Related entries: Barley
Essence (Extrait) de Malt, Fr.; Malzextrakt, G.
"Malt, in coarse powder, not finer than No. 12, one thousand grammes [or 35 ounces av., 120 grains]; Water, a sufficient quantity. Pour one thousand mils [or 33 fluidounces, 6 1/2 fluidrachms] of water upon the powder contained in a, suitable vessel and macerate for six hours, then add four thousand mils [or 135 fluidounces, 122 minims] of water, heated to 60° C. (140° F.), and digest the mixture for one hour on a water bath at a temperature not exceeding 60° C. (140° F.). Strain the mixture, express, filter the strained liquid, and, by means of a water bath or vacuum apparatus, evaporate the liquid, at a temperature not exceeding 60° C. (140° F.), until it has a specific gravity of not less than 1.350 nor more than 1.400 at 25° C. (77° F.)." U.S.
Under the name of extract of malt, two distinct preparations have been put upon the market, the one being a liquid similar to beer, the other, the official extract prepared from malt, composed chiefly of dextrin and glucose, with some albumen and phosphates. The object of the U. S. process is to obtain all of the soluble principles of malt in a permanent form. To secure this, strict attention to the details of the process is necessary. Good extract of malt should contain no starch, have the consistence of thick honey, a brown color, and should be free from empyreumatic taste. A great deal of commercial extract of malt is adulterated with glucose to a surprising extent. A dry extract of malt has come into extensive use as an infant's food, made by artificially drying the thick syrupy extract. It is in the form of a straw-colored, coarse powder, and is given dissolved in milk or water.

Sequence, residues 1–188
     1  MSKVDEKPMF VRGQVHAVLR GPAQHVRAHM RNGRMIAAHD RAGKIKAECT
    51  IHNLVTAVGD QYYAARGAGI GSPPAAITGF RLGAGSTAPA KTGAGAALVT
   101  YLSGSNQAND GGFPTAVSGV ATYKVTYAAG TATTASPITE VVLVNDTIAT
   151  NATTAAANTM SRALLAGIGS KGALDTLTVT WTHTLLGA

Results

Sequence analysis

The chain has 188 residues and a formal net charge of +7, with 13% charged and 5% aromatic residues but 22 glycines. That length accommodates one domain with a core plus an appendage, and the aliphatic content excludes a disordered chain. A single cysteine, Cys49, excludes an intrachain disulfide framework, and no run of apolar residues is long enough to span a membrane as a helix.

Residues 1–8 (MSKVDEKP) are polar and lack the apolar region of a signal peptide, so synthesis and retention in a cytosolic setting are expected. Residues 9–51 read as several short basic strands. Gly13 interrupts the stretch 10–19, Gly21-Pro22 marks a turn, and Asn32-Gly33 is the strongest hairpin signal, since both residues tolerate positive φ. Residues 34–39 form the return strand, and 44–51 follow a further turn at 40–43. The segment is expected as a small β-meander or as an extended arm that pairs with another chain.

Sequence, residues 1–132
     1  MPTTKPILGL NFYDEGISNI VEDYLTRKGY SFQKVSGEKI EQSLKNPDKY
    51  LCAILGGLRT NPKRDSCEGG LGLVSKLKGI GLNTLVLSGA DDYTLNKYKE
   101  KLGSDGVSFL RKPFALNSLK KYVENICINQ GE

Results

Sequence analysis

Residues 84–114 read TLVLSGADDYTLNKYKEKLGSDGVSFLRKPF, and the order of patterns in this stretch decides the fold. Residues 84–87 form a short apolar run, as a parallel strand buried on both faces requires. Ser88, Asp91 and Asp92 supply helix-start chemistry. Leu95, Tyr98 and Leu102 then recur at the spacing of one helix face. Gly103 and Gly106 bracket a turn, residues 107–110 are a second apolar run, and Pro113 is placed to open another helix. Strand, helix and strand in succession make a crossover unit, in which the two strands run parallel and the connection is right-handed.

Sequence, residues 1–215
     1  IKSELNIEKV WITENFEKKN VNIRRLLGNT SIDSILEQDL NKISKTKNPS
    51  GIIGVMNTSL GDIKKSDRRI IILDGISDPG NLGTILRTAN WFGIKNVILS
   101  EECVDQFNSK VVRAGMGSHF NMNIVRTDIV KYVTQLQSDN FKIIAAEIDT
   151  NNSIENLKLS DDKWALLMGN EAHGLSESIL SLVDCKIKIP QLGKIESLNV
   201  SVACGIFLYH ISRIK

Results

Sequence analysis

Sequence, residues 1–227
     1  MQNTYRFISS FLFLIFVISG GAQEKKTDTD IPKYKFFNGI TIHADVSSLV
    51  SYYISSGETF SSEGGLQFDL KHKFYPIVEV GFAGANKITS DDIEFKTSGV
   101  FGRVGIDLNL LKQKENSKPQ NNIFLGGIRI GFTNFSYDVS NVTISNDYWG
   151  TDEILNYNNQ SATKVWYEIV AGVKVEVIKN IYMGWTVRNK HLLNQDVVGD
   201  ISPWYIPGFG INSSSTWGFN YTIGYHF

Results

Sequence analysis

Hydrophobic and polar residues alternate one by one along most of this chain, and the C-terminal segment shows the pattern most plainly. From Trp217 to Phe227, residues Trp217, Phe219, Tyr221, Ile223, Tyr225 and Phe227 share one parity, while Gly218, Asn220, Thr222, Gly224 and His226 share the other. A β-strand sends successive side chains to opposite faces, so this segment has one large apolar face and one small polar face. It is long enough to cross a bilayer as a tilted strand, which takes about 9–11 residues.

O. F. Romer and H. R. Randoll of Brooklyn, have patented several improvements in the process of making extract of malt,—namely, 1, the properly ground malt is treated with an alkaline solution, in order to neutralize the fatty acids which usually impart a bad taste to the product; 2, the extract is separated from the solid matters by pressing in press cloths, whereby it is obtained as a clear liquid with scarcely any loss. (N. R., 1880, 179.) Pharmaceutically, extract of malt has been used as an emulsifying agent; it makes a good basis for a cod liver oil emulsion, for which purpose it is admirably adapted therapeutically. For therapeutic properties see Maltum.
Dose, from one to four fluidrachms (3.75 to 15 mils).
Off. Prep.—Emulsum Olei Morrhuae cum Malto, N. F.
The Dispensatory of the United States of America, 1918, was edited by Joseph P. Remington, Horatio C. Wood and others.